HelpMeSee is working with the Dr. Karla Pamela Gonzalez-Daher an Anterior Segment Surgeon at the Instituto Mexicano de Oftalmologia (Mexican Institute of Ophthalmology or IMO) to incorporate the HelpMeSee Eye Surgery Simulator within Dr. Gonzalez-Daher’s Manual Small Incision Cataract Surgery (MSICS) class at IMO.
Dr. Gonzalez-Daher teaches MSICS to advance IMO’s mission of providing quality eye health care to the poor. Her classes are open to IMO Residents and Fellows, as well as outside practitioners who support charitable healthcare missions through Latin America and the Caribbean. Consisting of theoretical lessons, wet-labs and supervised surgeries on patients, the HelpMeSee Simulator in Dr. Gonzalez-Daher’s MSICS class will provide students with educational practice opportunities that would not otherwise be available. Furthermore, the HelpMeSee Simulator’s programmable scenarios will enhance the education of Dr. Gonzalez-Daher’s students to manage complications that might be difficult to manage unexpectedly in live surgeries.
Why did you decide to become an ophthalmologist?
My father is an ophthalmologist and I had the good fortune of growing up in a clinical environment. I used to go with my father as a child on morning rounds to the hospital and even sometimes went with him to the operating room. I like the experience of working with people and helping others to see. I can make a difference in the lives of many from little kids to grown-ups. This is why I became an ophthalmologist.
How did you find out about the HelpMeSee Eye Surgery Simulator?
I heard about the HelpMeSee Eye Simulator from Dr. Van Lansingh two or three years ago. Dr. Lansingh is on the staff at IMO and has been involved with my work for several years.
When Dr. Lansingh described the HelpMeSee Simulator project to me at first, I thought it was a high-tech wet lab. I am familiar with wet labs and at the time, know of no other options for training surgeons to make incisions. The HelpMeSee Simulator seemed to be a complicated and sophisticated system for performing a task that already existed. I couldn’t understand how a simulator could help train or develop skills for cataract surgery.
Of course, after using it, I realized I was wrong. I could see how the HelpMeSee Simulator was more than a high tech wet lab. It is a sophisticated platform. At the same time, the software is easy to use and breaks down the cataract surgery procedure into steps. Students can practice these steps one at a time and strive for perfection in each of them.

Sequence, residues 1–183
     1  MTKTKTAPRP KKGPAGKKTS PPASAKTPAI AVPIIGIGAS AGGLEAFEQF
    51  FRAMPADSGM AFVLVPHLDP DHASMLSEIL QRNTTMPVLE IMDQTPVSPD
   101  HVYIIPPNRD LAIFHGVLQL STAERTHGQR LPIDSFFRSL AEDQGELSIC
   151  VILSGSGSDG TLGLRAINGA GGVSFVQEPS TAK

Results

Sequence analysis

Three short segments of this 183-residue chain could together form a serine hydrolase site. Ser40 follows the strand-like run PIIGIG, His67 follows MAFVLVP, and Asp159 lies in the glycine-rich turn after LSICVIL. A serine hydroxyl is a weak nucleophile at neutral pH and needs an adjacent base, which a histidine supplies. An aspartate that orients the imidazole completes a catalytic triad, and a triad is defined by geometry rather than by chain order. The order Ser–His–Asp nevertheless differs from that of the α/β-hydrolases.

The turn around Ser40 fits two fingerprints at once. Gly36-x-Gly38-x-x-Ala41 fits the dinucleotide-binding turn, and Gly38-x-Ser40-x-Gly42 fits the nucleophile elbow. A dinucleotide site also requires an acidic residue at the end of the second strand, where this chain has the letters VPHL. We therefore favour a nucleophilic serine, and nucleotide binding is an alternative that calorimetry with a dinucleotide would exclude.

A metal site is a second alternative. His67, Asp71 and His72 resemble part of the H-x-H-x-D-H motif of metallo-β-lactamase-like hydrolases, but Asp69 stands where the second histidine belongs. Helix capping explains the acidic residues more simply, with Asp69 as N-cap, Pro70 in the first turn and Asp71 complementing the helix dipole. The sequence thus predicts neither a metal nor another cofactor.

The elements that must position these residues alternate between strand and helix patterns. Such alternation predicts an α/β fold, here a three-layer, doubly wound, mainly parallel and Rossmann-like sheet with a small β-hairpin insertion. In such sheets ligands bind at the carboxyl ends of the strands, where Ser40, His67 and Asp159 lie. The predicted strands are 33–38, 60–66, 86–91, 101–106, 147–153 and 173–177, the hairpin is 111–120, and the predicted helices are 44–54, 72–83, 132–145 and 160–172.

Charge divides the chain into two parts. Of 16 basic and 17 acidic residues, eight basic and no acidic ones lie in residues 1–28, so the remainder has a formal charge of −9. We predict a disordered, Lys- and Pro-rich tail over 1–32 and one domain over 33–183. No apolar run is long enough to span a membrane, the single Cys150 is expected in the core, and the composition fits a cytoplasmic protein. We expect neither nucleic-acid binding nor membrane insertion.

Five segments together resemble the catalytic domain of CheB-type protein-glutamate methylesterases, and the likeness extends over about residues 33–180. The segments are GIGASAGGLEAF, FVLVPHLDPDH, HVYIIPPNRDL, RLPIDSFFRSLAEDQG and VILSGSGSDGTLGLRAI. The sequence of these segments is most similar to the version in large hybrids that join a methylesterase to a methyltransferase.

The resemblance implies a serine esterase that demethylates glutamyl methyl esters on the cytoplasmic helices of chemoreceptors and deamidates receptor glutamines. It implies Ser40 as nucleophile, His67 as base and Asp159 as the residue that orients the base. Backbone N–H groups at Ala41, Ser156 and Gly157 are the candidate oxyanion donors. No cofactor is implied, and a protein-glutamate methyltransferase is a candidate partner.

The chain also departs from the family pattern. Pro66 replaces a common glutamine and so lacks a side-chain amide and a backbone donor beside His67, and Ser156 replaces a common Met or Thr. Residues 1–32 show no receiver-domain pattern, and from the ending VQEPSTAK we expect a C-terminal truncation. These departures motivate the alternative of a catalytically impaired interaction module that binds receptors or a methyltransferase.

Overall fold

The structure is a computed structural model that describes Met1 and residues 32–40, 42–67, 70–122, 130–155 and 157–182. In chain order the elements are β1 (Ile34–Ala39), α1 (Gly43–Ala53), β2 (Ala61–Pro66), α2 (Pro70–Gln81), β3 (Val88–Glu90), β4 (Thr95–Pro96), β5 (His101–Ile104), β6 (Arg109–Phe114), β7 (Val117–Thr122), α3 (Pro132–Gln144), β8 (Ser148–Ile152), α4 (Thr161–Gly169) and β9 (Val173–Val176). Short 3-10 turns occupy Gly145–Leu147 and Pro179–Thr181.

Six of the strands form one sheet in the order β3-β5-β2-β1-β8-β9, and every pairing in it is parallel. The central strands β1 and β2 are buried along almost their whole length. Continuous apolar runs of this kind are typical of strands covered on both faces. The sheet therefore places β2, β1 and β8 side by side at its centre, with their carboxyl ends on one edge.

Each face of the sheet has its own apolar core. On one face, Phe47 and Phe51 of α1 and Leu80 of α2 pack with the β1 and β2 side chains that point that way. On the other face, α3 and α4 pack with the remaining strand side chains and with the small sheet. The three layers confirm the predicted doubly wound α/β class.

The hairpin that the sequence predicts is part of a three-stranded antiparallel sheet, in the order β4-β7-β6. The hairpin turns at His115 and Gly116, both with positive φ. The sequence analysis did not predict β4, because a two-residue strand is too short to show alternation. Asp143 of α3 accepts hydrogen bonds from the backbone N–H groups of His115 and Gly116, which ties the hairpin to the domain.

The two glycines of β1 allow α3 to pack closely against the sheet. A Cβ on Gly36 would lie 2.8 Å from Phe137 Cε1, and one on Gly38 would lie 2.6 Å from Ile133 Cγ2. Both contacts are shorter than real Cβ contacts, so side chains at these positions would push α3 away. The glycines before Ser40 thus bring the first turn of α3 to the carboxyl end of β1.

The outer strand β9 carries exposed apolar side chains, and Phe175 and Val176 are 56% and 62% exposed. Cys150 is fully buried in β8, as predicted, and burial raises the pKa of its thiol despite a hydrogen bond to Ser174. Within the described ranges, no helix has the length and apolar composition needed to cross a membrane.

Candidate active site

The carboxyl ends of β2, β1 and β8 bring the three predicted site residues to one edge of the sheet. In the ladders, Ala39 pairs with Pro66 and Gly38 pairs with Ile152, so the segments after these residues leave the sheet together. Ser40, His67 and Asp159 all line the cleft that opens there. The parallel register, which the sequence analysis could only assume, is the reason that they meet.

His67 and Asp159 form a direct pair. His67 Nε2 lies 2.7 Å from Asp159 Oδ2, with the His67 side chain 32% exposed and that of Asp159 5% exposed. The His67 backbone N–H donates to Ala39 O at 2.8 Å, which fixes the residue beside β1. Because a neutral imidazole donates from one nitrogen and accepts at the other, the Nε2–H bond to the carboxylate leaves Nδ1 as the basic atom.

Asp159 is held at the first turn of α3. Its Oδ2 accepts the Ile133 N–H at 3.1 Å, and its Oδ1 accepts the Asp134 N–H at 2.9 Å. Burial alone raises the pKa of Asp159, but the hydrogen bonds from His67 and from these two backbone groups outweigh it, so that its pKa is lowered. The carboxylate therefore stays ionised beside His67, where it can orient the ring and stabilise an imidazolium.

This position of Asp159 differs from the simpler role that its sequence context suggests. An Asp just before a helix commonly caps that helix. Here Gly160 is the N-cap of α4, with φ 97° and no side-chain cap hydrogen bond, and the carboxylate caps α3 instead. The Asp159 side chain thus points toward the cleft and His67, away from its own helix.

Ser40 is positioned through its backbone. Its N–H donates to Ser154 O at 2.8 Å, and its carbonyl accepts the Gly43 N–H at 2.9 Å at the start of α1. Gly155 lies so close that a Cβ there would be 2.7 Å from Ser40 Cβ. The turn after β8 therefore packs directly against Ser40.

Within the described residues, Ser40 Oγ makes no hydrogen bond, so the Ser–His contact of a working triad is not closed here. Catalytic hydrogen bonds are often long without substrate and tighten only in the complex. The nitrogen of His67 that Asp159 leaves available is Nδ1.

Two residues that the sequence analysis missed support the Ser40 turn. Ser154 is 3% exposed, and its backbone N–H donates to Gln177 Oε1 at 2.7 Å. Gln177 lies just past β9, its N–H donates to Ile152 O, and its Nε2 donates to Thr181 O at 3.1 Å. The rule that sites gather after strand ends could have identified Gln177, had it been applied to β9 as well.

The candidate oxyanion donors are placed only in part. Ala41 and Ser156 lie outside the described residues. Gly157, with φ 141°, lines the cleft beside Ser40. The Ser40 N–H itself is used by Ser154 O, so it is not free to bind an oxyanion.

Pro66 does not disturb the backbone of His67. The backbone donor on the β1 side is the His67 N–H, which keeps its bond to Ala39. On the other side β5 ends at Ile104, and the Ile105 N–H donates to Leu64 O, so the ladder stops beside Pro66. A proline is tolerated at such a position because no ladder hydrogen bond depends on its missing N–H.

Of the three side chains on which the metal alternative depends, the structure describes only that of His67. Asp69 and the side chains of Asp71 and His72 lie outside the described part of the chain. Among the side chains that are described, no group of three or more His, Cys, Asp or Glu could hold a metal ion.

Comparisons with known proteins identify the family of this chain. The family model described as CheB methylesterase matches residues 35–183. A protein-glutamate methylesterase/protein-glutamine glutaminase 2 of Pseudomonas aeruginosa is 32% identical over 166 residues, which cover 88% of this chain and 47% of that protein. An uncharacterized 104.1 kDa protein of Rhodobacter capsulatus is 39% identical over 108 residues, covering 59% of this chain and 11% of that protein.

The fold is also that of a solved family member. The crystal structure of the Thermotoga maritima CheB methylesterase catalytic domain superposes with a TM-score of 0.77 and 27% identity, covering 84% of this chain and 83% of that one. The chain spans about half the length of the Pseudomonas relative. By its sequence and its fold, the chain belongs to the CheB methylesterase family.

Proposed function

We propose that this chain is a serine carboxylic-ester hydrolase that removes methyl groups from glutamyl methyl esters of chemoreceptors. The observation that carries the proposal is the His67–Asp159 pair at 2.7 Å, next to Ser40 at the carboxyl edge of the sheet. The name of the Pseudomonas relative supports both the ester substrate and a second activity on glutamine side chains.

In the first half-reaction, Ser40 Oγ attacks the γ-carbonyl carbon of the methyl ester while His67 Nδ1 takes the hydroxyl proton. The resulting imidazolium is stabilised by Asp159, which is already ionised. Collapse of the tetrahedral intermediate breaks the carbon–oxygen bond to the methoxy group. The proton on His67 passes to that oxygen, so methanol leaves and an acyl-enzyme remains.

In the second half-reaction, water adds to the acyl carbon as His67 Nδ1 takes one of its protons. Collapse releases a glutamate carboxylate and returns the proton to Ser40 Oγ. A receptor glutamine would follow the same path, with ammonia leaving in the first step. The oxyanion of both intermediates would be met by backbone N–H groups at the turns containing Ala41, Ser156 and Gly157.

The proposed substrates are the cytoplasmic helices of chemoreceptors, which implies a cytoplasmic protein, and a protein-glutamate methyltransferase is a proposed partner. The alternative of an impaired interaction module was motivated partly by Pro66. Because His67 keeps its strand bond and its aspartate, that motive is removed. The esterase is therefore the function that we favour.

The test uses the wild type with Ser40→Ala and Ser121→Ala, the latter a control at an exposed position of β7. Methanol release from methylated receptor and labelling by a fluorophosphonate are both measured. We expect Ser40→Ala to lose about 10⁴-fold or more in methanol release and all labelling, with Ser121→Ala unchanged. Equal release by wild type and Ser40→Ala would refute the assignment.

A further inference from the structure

How would the HelpMeSee Simulator improve MSICS training at IMO?
The HelpMeSee Simulator is a great tool that will help surgeons develop their skills. The software on the Simulator records all movements for review and feedback. The HelpMeSee Eye Simulator at IMO would be an incredible addition to our MSICS training program as we only have one lab at this time
Are students enthusiastic about the arrival of the HelpMeSee Simulator to the IMO MSICS program?
Our current students, residents and Fellows are familiar with the Simulator training program and are eager to learn more. They look forward to being part of the program. The students have watched a video and are serious about using high-tech simulation-based tools..
What will be the impact of the HelpMeSee Eye Surgery Simulator on the MSICS training community?
The HelpMeSee Eye Surgery Simulator will increase the accomplishments of MSICS in a short time. The HelpMeSee Simulator will heighten standards by informing the instructor when someone is ready for hands-on patient training. With the HelpMeSee Eye Surgery Simulator, I can develop better surgeons. The HelpMeSee Simulator can translate into fewer complications at the very beginning of training when the surgeon is transitioning from a junior surgeon to an experienced senior surgeon. Altogether the HelpMeSee Simulator will mean better results for our cataract patients.
I look forward to working on this project with HelpMeSee and am excited at the thought of moving forward.
We depend upon gifts from donors like to place Simulators at IMO as well as at other MSICS training partners across the world. Dr. González-Daher wants to help the cataract blind. Donate today so that we can support her: